Putting the motors to one side, as they are provisioned by an independent battery pack through the motor controller, everything we connect to the Raspberry Pi will need its own power and data connections. If we were to give everything its own power and data pins on the Pi we would run out of options very quickly.
The solution to this is to share pins. If you know a little about electric circuits, and in particular Ohm's law (V = I*R), you will know that you can parallelise your power circuits. Every parallel power connection is provided with the same voltage (5V) but shares the current. As long as you have enough current available to share out among all your current drawing components everything will be tickety-boo.
To work out the current requirements of all your sensors connected in parallel, simply add together their individual current requirements. If this comes to less than the current available on your circuit you're in business.
Our plan was to run all the I2C sensors off the 5V rail of the Pi, powered by a good (2A output) power bank. We asked Pimoroni about the current draw of its Breakout Garden sensors just to be sure that our idea wasn't crazy.
We asked whether there was a limit to what the 5V rail on the GPIO could deliver and were told that it will deliver whatever the Raspberry Pi doesn't need for its own needs over the 5V rail.
We knew that unless we weren't running compute intensive operations or full colour touchscreen HATs (such as Pimoroni's HyperPixel) the Raspberry Pi would happily tick along on around 1A (allowing for demand peaks), leaving plenty of spare current for our I2C needs.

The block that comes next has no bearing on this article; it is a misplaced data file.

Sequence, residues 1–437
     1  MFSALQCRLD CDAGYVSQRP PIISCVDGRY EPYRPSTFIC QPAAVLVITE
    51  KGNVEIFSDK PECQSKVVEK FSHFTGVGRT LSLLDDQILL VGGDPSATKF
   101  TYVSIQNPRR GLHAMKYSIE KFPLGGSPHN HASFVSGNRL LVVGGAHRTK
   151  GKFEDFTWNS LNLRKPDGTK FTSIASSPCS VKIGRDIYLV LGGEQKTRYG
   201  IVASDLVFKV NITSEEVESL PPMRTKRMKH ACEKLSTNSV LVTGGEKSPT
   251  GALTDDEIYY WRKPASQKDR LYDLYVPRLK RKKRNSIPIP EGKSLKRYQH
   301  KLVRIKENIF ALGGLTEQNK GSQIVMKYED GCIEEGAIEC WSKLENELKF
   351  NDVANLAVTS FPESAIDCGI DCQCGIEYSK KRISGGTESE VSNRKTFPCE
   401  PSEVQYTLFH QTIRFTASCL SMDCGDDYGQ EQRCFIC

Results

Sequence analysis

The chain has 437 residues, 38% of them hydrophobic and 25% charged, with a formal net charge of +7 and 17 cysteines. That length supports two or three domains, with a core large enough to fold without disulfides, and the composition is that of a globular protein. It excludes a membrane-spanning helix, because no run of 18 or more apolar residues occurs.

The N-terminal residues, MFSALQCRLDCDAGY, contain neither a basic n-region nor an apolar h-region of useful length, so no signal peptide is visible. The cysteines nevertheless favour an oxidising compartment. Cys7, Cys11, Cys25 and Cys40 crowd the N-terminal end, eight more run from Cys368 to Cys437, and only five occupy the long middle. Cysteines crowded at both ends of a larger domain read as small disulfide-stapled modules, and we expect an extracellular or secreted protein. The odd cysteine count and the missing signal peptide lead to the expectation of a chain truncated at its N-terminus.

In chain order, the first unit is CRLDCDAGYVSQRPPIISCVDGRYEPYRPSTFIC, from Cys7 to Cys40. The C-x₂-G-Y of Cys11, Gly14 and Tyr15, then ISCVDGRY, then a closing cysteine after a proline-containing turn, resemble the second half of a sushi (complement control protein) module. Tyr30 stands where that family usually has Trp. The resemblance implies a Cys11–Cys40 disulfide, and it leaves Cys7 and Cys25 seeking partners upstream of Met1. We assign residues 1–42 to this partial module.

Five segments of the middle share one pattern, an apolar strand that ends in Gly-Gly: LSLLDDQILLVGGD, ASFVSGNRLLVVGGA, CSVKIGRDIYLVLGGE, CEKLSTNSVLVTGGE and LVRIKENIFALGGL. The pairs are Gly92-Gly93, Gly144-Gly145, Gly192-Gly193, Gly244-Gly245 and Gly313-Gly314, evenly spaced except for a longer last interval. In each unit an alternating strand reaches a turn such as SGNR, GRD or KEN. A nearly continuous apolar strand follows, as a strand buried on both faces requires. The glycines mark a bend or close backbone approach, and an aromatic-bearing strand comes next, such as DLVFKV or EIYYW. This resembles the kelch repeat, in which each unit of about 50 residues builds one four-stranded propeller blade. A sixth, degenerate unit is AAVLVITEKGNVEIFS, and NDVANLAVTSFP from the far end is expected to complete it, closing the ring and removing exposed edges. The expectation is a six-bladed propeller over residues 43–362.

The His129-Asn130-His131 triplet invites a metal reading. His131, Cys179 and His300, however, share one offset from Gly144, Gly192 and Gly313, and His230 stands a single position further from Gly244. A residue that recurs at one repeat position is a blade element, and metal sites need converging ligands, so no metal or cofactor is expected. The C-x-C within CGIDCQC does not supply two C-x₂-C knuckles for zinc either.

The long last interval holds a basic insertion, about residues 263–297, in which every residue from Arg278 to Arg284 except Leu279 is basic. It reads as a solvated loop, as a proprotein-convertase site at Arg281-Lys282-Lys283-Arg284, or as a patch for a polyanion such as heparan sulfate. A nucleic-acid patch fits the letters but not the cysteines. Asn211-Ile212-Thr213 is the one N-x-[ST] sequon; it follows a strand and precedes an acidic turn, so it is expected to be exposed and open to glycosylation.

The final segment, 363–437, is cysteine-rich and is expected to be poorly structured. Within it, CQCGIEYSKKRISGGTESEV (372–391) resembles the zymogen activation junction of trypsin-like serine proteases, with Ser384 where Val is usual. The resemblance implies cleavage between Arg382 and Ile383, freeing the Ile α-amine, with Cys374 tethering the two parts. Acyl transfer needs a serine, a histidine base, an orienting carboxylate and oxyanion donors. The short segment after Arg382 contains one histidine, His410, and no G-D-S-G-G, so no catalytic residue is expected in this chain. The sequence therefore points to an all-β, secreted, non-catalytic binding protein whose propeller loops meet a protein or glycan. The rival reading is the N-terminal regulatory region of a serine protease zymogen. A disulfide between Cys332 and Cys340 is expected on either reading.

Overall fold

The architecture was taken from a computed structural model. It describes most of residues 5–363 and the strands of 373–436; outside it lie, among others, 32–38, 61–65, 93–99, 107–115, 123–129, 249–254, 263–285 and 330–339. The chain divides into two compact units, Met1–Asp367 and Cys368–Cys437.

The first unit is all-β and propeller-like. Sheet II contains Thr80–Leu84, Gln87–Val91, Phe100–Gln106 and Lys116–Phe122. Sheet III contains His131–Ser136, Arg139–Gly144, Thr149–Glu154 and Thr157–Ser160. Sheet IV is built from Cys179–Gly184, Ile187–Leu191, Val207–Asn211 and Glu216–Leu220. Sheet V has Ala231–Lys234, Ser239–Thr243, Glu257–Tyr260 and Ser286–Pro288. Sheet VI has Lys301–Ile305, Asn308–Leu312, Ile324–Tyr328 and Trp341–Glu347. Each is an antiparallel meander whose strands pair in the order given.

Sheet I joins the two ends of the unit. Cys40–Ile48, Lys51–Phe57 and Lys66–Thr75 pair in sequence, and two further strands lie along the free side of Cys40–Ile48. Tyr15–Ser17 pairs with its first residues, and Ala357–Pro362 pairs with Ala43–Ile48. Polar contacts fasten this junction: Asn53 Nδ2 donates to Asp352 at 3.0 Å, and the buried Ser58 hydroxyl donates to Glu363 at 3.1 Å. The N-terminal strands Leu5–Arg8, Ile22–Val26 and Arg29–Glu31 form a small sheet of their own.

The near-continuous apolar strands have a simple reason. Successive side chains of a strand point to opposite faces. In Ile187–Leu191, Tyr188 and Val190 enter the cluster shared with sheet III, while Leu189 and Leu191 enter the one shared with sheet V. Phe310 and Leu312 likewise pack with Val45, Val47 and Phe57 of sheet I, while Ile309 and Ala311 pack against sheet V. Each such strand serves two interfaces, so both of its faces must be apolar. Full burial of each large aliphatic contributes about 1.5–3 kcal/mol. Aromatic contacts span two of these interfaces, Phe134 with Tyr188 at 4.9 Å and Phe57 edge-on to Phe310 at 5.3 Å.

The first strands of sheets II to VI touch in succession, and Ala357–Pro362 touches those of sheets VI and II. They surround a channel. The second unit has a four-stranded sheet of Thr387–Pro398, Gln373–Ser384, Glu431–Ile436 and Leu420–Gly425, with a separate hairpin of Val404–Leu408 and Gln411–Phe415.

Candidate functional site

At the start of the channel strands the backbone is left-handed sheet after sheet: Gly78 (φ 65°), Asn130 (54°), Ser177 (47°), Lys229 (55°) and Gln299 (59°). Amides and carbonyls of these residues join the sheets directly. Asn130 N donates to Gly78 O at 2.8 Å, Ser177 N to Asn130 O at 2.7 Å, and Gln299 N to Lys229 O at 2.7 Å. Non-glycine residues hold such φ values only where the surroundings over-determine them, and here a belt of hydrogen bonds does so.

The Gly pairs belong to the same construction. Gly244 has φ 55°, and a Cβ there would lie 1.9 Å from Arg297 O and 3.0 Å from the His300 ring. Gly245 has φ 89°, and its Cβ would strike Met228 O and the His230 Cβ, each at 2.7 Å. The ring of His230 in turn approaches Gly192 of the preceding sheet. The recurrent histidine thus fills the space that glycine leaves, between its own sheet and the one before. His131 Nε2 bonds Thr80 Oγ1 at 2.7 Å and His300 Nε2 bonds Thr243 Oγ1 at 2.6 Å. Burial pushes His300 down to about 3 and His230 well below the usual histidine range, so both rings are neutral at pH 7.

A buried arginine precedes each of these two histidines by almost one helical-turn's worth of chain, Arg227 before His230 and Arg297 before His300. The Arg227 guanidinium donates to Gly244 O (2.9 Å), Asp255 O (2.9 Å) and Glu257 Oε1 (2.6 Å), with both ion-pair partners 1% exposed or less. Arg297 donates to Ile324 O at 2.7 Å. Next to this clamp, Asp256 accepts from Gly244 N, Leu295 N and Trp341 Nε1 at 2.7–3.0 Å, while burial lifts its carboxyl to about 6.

To provide all our I2C sensors with 5V power we created a wiring loom with electrical terminal strips (aka "chocolate block" in the electrical trade). This allows us to wire up to 5 separate I2C sensors into independent output terminals that are all connected to a single pair of 5V and GND Raspberry Pi pins.
We can use exactly the same principle to share data connections off the same default I2C bus pins on the Raspberry Pi's GPIO.
The following diagram illustrates this plan.
This is quite a time consuming and fiddly process to cut, strip and screw lots of short connecting wires into the terminal blocks. We will need one of these wiring looms for each robot for I2C sensor power. One of our team members found it useful to make use of some dead time on a train to wire all of these up for us.
It is also possible to provision a second I2C bus on the Pi using spare GPIO pins. There is an Instructibles guide that shows you how to do this. We might choose to do this for the motor controller and pan-tilt HAT (also I2C) leaving the default I2C bus exclusively for the Pimoroni Breakout Garden sensors and OLED screen.